From the language model the completion verification module 124 calculates a probability that new terms in the query autocompletion occur in conjunction with words that are in the original partial query but are not in the shortened query stem. For example, the user interface 102 sends the partial query “Monday Speech by President O”, the input module 116 creates a shortened query stem “President O” by removing the query terms “Monday Speech by”. The autocompletion module 120 suggests the completion “President Obama.” The completion verification module 124 may use the language model to determine a probability for the term sequence “Monday”, “Speech”, “by”, “Obama”. In some implementations, the completion verification module 124 ignores stop words (a word generally ignored by linguistic processing, for example, the, a, as, at, by, for, or of). In some implementations, the completion verification module 124 determines if the calculated probability exceeds a threshold value, for example 0.5. Query autocompletions that have calculated probabilities that exceed the threshold value are considered good query autocompletions. Query autocompletions that have calculated probabilities that are less than the threshold are ignored.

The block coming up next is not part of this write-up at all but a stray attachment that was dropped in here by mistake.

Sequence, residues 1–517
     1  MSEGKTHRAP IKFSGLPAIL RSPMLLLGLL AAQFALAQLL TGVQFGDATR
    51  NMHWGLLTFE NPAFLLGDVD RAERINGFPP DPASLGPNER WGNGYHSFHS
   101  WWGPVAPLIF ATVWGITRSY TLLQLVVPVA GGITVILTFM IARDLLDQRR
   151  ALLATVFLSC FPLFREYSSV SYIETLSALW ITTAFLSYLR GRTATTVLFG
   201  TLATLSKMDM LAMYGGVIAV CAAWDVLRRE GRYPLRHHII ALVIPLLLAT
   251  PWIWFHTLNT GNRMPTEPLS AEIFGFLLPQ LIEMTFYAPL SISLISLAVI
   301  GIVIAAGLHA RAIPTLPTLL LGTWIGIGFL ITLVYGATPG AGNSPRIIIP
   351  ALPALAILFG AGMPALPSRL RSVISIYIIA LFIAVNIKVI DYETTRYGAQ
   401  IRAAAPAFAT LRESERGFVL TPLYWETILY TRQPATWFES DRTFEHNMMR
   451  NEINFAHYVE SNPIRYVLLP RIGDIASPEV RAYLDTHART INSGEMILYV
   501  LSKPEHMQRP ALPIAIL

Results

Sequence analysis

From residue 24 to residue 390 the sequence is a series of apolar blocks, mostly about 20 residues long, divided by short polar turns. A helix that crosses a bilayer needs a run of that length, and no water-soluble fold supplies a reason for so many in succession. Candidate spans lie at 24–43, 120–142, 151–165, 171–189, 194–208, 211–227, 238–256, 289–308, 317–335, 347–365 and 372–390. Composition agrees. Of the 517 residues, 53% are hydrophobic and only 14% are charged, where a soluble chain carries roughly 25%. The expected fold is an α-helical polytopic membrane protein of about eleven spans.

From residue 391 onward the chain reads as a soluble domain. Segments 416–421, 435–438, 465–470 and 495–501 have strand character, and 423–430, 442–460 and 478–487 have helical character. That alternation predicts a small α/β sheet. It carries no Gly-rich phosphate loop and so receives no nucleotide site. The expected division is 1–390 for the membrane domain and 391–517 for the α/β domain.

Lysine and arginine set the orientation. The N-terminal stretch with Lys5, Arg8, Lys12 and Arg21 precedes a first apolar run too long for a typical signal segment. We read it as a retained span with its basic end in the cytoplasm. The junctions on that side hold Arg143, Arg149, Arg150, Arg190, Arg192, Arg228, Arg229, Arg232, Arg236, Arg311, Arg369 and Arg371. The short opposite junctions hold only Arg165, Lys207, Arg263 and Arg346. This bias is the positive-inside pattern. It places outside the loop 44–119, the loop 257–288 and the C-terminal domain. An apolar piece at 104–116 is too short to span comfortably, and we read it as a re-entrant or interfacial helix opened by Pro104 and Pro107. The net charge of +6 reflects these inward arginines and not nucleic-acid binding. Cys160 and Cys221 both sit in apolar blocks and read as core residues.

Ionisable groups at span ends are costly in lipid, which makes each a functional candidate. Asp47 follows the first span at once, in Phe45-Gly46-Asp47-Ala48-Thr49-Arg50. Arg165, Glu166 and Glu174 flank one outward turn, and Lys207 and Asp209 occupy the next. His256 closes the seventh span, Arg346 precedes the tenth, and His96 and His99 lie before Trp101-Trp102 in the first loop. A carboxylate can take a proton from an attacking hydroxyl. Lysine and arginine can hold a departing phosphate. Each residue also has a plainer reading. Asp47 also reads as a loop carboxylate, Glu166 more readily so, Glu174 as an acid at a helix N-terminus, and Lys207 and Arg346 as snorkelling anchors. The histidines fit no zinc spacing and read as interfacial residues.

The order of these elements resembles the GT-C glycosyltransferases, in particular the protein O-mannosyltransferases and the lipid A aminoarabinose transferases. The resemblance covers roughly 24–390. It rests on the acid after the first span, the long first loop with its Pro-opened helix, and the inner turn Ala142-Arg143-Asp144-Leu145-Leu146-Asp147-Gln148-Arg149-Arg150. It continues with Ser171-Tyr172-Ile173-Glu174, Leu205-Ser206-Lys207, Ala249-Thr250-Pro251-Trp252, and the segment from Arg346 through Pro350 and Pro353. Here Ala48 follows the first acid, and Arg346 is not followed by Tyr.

In other implementations, the completion verification module 124 compares the query autocompletion and the partial query to a set of prior queries submitted by other users over a period of time (for example, one day, one month, six months) to determine a frequency of occurrence of the query autocompletion and the partial query, as discussed below with reference to FIG. 3. The prior queries can be stored anonymously, so that the identity of the users who submitted the prior queries cannot be determined. In other implementations, the query completion module compares the query autocompletion and the query stem to the set of prior queries to determine a frequency of occurrence of the query autocompletion and the query stem.

The completion verification module 124 can also verify an autocompletion using the language model. The language model can be created from a corpus of general documents, for example HTML pages on the World Wide Web, or from a specialized corpus, for example, a set of queries submitted to a search engine.

FIG. 2 illustrates interactions between an input module and an autocompletion module in an example scenario. An input module 202 (for example, the input module 116 of FIG. 1) receives a query stem “Monday Speech by President O.” The input module 202 sends (206) the query stem 208 “Monday Speech by President O” to an autocompletion module 204 (for example, the autocompletion module 120 of FIG. 1).

The autocompletion module 204 determines that no query autocompletions are available for the query stem 208. The autocompletion module 204 sends (210) the input module 202 a response that indicates that no query autocompletions are available. The input module 202 removes the first query term from the query stem. The input module 202 sends (214) the shortened query stem 216 to the autocompletion module 204.

In this example, the autocompletion module 204 determines that no query autocompletions are available for the shortened query stem 216. The autocompletion module 204 sends (218) the input module 202 a response indicating that no autocompletions are available.